This article examines the emergence of "modernization" - the remodeling of existing buildings - as a significant part of architectural practice in the United States in the 1930s. It shows how the Great Depression spurred interest in modernization among architects and building material manufacturers. It reveals how architects reconsidered the scale, scope, and substance of professional practice. It investigates how manufacturers developed products and construction methods specifically for modernization, and it analyzes their strategies for promoting these products to architects and architectural clients. The article argues that modernization embodied a nexus of social, economic, and technological factors that transformed the interaction of architects, manufacturers, and clients, as well as the buildings they produced. It further contends that this transformation had important consequences, bringing about a reevaluation of the nature and definition of architecture and a questioning of the relationship between architecture and the marketplace - issues that are still being debated today.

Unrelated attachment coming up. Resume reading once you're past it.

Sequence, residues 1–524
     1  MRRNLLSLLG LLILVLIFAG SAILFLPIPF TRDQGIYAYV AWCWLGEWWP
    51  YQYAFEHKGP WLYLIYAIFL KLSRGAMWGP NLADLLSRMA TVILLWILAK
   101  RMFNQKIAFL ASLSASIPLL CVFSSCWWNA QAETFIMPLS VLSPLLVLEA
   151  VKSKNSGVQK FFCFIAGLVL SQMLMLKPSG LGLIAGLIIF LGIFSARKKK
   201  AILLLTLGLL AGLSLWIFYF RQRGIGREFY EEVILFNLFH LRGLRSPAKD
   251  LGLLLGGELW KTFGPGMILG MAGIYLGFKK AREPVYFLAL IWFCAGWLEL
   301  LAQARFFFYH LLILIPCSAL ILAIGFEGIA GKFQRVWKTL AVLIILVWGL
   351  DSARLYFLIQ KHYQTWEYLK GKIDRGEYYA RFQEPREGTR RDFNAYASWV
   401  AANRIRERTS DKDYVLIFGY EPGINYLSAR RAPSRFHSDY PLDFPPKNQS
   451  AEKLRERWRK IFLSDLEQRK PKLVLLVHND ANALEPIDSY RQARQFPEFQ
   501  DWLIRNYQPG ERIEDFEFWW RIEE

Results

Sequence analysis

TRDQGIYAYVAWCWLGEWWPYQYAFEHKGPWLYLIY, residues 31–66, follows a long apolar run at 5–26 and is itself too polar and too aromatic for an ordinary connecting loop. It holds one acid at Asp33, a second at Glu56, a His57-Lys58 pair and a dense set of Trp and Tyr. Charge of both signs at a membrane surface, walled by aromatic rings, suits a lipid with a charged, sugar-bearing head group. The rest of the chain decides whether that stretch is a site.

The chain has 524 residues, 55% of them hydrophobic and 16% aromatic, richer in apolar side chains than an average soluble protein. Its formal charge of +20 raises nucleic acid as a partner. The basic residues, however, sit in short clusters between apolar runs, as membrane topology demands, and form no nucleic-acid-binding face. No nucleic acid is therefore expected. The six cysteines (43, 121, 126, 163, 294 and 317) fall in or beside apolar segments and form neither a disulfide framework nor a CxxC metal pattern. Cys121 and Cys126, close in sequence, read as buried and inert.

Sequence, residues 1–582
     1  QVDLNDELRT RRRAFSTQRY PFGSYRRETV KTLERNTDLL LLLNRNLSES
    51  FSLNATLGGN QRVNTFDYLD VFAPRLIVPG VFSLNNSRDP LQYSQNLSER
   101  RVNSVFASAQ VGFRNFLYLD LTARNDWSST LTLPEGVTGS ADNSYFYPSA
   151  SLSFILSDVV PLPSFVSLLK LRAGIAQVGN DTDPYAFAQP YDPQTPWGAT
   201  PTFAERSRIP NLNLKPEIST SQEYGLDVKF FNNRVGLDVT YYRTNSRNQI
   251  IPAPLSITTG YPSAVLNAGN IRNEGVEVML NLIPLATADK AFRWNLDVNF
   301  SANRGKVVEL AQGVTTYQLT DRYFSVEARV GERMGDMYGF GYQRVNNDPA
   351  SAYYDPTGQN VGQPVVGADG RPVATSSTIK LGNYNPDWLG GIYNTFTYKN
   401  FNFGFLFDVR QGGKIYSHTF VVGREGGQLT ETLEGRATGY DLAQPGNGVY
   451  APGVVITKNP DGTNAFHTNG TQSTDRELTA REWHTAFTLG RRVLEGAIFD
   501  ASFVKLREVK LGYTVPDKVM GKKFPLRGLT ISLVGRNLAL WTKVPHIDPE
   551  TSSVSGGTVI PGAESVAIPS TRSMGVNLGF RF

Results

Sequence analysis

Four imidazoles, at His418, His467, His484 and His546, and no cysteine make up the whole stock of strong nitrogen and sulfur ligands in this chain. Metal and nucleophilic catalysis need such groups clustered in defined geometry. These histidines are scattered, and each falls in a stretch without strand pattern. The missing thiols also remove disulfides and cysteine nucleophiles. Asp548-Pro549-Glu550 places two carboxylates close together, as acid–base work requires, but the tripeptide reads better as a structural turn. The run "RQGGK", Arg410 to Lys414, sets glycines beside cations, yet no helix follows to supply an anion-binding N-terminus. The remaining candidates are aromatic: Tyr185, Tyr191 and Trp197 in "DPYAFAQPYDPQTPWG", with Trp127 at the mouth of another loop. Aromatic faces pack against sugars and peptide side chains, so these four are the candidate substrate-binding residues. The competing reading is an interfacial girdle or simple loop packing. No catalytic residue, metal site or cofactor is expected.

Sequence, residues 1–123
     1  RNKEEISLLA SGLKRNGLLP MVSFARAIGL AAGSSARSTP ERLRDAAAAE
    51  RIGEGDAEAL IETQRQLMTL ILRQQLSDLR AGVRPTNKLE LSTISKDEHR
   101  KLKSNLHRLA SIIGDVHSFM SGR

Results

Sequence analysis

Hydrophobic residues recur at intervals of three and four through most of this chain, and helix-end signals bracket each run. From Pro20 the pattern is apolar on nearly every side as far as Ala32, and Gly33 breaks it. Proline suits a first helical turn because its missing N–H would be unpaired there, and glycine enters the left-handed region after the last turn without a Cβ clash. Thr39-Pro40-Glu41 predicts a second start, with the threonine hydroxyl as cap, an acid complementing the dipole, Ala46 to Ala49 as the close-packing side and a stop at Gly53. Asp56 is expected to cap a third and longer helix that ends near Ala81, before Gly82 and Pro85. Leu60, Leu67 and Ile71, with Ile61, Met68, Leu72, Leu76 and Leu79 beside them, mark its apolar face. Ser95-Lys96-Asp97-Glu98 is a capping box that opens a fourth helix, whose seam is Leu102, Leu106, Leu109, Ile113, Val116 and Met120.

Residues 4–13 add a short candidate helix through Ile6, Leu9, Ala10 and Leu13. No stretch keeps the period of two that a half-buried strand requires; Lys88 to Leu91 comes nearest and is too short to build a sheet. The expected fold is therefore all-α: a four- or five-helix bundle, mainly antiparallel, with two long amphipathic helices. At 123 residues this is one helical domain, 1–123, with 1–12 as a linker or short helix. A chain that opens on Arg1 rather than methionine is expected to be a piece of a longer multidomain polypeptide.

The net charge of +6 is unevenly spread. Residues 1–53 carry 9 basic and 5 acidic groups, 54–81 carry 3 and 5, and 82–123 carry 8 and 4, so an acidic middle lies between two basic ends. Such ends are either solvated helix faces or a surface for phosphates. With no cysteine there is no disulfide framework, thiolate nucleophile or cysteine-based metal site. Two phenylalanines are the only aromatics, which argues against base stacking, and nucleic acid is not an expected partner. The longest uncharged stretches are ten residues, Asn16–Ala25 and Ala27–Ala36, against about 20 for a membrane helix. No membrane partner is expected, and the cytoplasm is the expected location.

All Science Journal Classification (ASJC) codes
- Visual Arts and Performing Arts